this is a "B-list" war book, meaning that it's not terrible C-quality slop but it falls short of being one of those amazing A-list books like [b:Stalingrad|542389|Stalingrad The Fateful Siege, 1942-1943|Antony Beevor|http://d.gr-assets.com/books/1348217283s/542389.jpg|42137] or [b:The Fall of Berlin|42661|The Fall of Berlin 1945|Antony Beevor|http://d.gr-assets.com/books/1312049741s/42661.jpg|300328] or [b:Lone Survivor|711901|Lone Survivor The Eyewitness Account of Operation Redwing and the Lost Heroes of SEAL Team 10|Marcus Luttrell|http://d.gr-assets.com/books/1344265535s/711901.jpg|1623890]. I mean, if you just look at the cover of this book, it doesn't have the absolute 'finesse' quality of the big-5 publishers; it's merely a competent design that somehow doesn't seem quite Barnes & Noble display quality. so, actually--judge the book by the cover.
overall Culbertson displays competence and even-handedness in his work, with the exception pointed out above by 'Armen,' in this one scene where he imagines a Ho Chi Minh conversation and expects us to believe that he was present there. aside from this one weakness, overall there was little exaggeration, not too much 'long lists of names' problem, little or no irrelevancy, and he avoided some flaws such as over-speculation, white-washing, too aggressive service-rivalry these sorts of things.
the problem was not so much what was written as what we missed out on--Culbertson missed the opportunity to compare a sniper's task to serial killing. as most infantry soldiers agree, a sniper is a distinct psychological type; they don't operate in groups; they spend long hours or even days waiting for a kill; they kill a specific high-value individual, and then they flee. I believe Pentagon studies have shown that psychopaths aren't actually well suited for this work, but a sniper during wartime is clearly special. what thoughts are going through the sniper's head as he waits seven hours in his hide? where are the childhood memories that surface? what odd realizations do we make other than "vietnamese snipers used grenade traps to disguise their work, american snipers were very focused on the numbers of their kill, preferably long-distance" ? john krakauer probably could have elicited another three chapters.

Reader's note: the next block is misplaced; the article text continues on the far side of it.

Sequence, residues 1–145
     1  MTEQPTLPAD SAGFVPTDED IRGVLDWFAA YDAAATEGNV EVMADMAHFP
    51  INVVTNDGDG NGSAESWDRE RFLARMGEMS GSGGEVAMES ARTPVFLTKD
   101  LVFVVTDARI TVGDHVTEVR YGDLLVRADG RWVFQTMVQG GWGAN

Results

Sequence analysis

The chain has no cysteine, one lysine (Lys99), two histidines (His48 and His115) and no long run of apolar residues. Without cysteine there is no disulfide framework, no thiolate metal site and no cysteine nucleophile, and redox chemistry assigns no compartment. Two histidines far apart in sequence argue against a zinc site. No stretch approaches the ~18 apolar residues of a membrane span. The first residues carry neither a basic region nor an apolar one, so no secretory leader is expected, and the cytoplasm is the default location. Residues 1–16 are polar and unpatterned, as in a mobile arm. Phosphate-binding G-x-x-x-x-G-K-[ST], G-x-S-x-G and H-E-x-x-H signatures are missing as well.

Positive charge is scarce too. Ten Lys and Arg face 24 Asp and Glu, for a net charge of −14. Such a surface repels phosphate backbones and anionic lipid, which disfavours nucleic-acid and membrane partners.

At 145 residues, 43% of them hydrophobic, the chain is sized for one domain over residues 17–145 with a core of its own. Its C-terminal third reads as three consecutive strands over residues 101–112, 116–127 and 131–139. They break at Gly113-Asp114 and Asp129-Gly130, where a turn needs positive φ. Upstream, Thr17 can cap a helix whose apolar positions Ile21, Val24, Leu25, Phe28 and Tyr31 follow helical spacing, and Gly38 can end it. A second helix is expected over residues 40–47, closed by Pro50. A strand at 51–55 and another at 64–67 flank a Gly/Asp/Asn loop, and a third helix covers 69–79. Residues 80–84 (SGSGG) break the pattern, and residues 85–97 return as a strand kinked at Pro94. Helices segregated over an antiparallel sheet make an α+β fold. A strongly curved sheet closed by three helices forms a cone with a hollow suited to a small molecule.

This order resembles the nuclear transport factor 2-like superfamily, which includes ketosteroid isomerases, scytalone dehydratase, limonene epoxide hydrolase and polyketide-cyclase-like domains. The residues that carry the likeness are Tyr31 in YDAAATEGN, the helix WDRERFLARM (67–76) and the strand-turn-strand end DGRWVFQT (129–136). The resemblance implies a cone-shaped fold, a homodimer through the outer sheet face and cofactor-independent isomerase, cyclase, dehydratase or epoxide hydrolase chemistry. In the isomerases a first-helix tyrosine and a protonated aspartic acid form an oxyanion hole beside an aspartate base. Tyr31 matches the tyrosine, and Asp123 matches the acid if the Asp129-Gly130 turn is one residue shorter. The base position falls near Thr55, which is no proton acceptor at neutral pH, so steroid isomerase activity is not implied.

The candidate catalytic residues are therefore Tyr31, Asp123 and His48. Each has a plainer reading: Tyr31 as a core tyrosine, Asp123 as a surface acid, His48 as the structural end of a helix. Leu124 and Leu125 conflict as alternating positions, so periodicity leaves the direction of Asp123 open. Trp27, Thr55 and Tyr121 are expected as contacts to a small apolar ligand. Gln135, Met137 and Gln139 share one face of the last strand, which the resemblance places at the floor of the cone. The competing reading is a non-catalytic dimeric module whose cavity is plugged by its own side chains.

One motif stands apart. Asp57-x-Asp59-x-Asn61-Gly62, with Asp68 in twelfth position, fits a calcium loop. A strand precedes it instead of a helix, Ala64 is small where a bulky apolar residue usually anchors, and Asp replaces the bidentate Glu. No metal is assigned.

(the characters that run through this book do not seem to have distinct "good guy / bad guy" personalities, which, of course, sounds like a unfair complaint to make about a war book, but i guess readers in the end want drama more than want to know the exact weight of a match grade cartridge.)
if you are obsessed with reading war books, or just need a book to cover a two hour train ride, 13 Cent Killers is worth a look. but, it cannot be recommended for non war-readers in general.